Due to the popularity and rapidly increasing number of cosmetic procedures, there is a high demand for effective anesthetics. Injectable anesthetics such as nerve block can be perceived as painful therefore they are not suitable for patients afraid of needles. Topical anesthetic creams offer elimination of needles, fast, effective pain reduction and a very little exposure to the agent. However, local anesthetics are often considered inconvenient because of the need for occlusive dressings in order to enhance their skin penetration.
Currently, there are many different topical anesthetics available on the market to make cosmetic dermatologic procedures such as dermal filler injections, botox injections, laser resurfacing or any other procedures that require needle insertion less painful. These anesthetics differ in terms of effectiveness, ease of use and application time, need for occlusion and side effects.
The newest option that offers effective pain relief is Pliaglis, the lidocaine/tetracaine cream.
Pliaglis is the first FDA-approved stable mixture of 7% lidocaine and 7% tetracaine cream. It has the highest approved concentrations of these two local anesthetics and indicated for use on intact skin in adults 18 years and older to provide topical local analgesia for superficial dermatological procedures.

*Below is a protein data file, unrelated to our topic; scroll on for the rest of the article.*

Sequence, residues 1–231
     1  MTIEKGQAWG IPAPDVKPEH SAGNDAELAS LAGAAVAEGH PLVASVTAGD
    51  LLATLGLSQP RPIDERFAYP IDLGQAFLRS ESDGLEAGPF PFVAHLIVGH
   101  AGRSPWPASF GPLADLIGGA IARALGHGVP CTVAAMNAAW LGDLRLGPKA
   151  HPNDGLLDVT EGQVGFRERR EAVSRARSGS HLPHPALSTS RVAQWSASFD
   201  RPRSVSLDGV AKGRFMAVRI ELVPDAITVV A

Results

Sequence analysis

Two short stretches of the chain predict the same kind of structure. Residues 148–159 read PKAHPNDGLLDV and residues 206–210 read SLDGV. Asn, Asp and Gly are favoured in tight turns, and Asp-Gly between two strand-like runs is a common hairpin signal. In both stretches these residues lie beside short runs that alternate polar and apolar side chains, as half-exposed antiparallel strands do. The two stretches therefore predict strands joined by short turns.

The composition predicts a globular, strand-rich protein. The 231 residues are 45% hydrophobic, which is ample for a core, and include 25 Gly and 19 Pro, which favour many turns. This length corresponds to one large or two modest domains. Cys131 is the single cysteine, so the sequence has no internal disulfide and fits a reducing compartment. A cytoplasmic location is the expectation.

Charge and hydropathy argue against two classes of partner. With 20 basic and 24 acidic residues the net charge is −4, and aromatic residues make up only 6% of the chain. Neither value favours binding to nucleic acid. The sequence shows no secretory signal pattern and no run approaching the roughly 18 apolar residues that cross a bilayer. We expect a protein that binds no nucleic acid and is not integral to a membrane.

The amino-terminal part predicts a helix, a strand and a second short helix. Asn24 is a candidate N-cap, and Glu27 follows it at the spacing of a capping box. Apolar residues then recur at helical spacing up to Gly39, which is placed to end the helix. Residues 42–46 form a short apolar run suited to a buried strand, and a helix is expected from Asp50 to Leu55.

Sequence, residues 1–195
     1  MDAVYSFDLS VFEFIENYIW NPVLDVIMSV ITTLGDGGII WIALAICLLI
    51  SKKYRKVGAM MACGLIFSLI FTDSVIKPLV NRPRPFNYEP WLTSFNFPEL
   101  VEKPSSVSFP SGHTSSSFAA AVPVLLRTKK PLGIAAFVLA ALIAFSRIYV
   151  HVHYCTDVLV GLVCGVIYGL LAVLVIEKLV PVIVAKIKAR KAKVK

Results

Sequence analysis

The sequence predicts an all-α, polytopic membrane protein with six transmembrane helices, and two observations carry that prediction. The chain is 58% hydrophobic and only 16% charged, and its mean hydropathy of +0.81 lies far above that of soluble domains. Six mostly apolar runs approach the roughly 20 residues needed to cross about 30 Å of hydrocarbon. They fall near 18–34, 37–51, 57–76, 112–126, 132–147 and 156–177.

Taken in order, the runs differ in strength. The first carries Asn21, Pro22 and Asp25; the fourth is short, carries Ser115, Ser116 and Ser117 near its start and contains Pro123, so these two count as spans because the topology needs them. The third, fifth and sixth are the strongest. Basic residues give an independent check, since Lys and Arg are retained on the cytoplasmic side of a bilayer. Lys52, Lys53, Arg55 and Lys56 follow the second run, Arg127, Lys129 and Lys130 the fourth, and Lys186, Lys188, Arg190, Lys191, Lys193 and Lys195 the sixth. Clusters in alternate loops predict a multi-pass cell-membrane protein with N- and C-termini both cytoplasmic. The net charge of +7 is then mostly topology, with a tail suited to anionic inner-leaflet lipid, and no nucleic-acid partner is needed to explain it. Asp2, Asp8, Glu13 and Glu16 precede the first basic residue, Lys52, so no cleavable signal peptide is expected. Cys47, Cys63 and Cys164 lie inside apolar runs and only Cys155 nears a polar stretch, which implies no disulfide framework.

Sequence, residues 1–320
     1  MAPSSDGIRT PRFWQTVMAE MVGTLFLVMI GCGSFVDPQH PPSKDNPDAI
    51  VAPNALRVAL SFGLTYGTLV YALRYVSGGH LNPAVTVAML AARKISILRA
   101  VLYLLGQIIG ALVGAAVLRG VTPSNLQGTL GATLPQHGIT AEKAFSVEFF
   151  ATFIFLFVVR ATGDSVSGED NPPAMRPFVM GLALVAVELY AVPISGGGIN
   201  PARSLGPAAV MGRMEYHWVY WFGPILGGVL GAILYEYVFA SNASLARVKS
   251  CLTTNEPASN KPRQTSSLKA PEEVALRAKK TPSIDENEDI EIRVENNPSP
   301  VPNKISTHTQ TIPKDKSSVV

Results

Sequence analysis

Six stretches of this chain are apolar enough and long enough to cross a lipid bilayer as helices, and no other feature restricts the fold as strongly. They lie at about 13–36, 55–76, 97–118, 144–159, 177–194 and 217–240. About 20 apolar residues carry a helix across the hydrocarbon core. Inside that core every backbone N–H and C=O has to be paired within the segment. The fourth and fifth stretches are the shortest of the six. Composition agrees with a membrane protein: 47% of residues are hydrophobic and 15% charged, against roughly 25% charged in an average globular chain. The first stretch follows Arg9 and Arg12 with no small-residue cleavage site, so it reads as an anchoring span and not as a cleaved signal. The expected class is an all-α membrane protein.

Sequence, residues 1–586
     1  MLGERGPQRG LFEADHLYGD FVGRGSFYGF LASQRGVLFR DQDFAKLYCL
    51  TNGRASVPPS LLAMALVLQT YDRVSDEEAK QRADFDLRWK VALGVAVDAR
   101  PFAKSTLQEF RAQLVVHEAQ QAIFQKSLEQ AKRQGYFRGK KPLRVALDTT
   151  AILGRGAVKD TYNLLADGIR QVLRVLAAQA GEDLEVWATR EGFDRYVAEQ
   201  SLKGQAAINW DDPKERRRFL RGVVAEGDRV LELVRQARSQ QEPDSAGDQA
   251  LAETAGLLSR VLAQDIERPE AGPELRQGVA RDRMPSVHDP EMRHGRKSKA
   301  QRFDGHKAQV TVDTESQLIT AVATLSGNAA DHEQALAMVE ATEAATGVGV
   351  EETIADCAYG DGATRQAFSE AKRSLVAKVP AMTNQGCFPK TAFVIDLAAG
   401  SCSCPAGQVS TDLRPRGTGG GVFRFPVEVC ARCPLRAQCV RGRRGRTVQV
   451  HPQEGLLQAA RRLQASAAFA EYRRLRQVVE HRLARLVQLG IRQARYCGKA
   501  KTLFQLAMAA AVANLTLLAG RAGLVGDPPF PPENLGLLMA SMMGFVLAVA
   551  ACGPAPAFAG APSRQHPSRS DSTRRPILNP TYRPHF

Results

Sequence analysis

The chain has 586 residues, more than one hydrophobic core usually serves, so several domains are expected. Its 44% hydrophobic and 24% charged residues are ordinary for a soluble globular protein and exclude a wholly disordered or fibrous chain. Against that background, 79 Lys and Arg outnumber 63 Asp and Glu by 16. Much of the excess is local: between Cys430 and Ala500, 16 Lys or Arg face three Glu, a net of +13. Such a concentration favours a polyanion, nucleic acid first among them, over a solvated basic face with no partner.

Pliaglis is favored by many aesthetic practitioners thanks to being well-tolerated and having mild side effects when used as recommended compared to other topical local anesthetics. In addition, lidocaine/tetracaine cream has several other unique attributes:
Hypersensitivity to lidocaine, tetracaine, other anaesthetics of the amide or ester type, to para-aminobenzoic acid (a known by-product of tetracaine metabolism), methyl parahydroxybenzoate (E218), propyl parahydroxybenzoate (E216) or to any of the other excipients.
PLIAGLIS should not be used on mucous membranes or on broken or irritated skin.
Pliaglis and EMLA cream were compared in a head-to-head study of 20 patients before ablative CO2 laser skin resurfacing, a more painful laser procedure than most. Patients were randomly assigned to receive either Pliaglis or EMLA cream to the treatment areas. Patients, investigators and independent assessors assessed the pain relief using the pain scales. Patients who received Pliaglis had lower pain scores compared to those who received EMLA cream. 95% percent of Pliaglis patients reported adequate pain relief compared to 20% of EMLA cream patients. The investigators and independent assessors, who used pain scales, also observed similar results.